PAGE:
Malaria is one of the greatest health challenges facing the developing world. World Health Organization data indicate that malaria causes over 1 million deaths per year, with over 90% of those deaths occurring in sub-Saharan Africa. A number of strategies are available to prevent malaria, including the use of insecticide treated nets and indoor residual spraying for vector control and a variety of diagnostic strategies and drug therapies for both prophylaxis and treatment. However, it is often difficult for decision-makers to determine the best combination of interventions, given the constraints within local health care delivery systems, as well as in vector control infrastructure. Thus, the central objective of this proposal is to improve malaria control outcomes through an implementation science approach that integrates health delivery experiments and decision support modeling to promote joint optimization of vector control and disease management strategies. We propose three specific aims: (1) perform randomized experiments of vector control and disease management strategies in Tanzania to elucidate which intervention strategy combinations are most effective in real world settings, using an implementation science approach;(2) use analytical insights from the health delivery experiments to refine an existing decision support model that includes both vector control and disease management;and (3) develop approaches for replicating the decision support tool in other parts of Tanzania and other countries in sub-Saharan Africa. Accomplishing these combined specific aims will provide a framework for designing and implementing multi-pronged malaria control strategies that have the best chances for sustained effectiveness in an operational setting. We will test the effectiveness of different combinations of vector and disease management interventions over time based on field experiments. We will then use the experimental results in conjunction with decision support modeling to improve a new tool that will allow decision-makers to jointly optimize vector and disease management strategies. The tool is flexible enough to incorporate new therapies and interventions as they are developed. This proposal has been developed in a collaborative process with critical partners in Tanzania and, thus, leverages an active and vibrant set of professional relationships. Through these in-country partnerships, we have direct access to key decision-makers at both the local and national levels. In addition, our previous work across Africa provides a strong platform from which to launch future replication in areas beyond the primary study site.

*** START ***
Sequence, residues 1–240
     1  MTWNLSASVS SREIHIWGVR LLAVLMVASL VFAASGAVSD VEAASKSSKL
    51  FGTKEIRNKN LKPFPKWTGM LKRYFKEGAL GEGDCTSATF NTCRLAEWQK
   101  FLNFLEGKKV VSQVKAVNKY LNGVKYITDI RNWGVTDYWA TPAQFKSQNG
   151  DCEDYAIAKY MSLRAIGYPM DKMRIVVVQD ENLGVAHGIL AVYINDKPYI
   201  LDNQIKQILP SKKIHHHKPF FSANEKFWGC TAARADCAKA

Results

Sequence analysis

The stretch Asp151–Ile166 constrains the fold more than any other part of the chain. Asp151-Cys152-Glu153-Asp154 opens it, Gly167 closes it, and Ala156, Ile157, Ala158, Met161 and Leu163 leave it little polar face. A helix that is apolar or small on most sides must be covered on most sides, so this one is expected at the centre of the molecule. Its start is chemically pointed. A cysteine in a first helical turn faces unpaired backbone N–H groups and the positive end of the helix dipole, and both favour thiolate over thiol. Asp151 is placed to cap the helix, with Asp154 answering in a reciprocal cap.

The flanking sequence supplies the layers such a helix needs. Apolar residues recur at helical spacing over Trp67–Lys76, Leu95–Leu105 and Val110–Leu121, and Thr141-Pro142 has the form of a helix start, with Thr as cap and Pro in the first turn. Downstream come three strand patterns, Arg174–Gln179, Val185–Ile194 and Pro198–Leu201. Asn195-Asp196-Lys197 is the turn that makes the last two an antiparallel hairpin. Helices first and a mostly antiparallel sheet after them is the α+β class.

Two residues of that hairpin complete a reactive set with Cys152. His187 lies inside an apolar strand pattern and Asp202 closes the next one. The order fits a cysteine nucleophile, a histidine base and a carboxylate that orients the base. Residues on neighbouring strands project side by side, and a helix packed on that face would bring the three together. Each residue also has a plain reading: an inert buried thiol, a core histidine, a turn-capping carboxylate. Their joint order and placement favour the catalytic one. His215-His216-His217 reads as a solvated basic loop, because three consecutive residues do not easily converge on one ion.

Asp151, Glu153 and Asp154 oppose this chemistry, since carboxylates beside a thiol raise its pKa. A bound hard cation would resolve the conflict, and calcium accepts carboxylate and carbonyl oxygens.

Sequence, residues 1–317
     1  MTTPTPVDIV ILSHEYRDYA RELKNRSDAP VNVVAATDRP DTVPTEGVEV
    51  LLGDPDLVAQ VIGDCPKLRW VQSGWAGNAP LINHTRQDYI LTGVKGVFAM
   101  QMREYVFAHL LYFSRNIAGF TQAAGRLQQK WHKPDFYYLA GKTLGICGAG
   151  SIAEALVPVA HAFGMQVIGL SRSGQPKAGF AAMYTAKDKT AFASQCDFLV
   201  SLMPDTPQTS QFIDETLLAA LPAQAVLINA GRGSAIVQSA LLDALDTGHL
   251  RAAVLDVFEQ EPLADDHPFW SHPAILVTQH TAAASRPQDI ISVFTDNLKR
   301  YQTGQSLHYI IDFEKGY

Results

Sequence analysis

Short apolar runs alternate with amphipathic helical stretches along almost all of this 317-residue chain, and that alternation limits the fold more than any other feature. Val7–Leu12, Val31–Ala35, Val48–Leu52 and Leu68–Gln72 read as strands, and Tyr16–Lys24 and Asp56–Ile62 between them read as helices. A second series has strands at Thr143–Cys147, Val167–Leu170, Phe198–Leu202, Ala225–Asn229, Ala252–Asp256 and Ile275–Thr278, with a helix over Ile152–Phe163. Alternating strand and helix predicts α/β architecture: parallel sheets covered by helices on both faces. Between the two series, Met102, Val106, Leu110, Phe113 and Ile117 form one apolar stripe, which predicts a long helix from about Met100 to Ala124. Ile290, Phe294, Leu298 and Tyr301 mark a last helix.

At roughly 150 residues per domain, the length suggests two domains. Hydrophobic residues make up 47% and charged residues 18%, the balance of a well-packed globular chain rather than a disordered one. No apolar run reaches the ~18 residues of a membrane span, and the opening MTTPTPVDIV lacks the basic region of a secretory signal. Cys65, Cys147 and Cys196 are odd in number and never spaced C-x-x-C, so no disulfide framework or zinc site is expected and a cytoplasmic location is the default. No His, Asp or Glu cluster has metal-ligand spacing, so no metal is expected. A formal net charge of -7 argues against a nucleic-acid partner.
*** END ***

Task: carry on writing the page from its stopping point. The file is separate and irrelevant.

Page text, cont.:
Public Health Relevance

Malaria is one of the greatest health challenges facing the developing world. This project evaluates malaria control interventions under real world conditions. By harnessing new insights from decision science and implementation science, we are helping decision-makers to jointly optimize vector and disease management strategies. In so doing, we will provide a clear mechanism for improving malaria outcomes.

Agency
National Institute of Health (NIH)
Institute
National Institute of Allergy and Infectious Diseases (NIAID)
Type
Research Project (R01)
Project #
5R01AI088009-03
Application #
8299054
Study Section
Vector Biology Study Section (VB)
Program Officer
Rao, Malla R
Project Start
2010-07-01
Project End
2014-06-30
Budget Start
2012-07-01
Budget End
2013-06-30
Support Year
3
Fiscal Year
2012
Total Cost
$543,044
Indirect Cost
$134,080
Name
Duke University
Department
None
Type
Schools of Earth Sciences/Natur
DUNS #
044387793
City
Durham
State
NC
Country
United States
Zip Code
27705
Mboera, Leonard E G; Kramer, Randall A; Miranda, Marie Lynn et al. (2014) Community knowledge and acceptance of larviciding for malaria control in a rural district of east-central Tanzania. Int J Environ Res Public Health 11:5137-54
Kramer, Randall A; Mboera, Leonard E G; Senkoro, Kesheni et al. (2014) A randomized longitudinal factorial design to assess malaria vector control and disease management interventions in rural Tanzania. Int J Environ Res Public Health 11:5317-32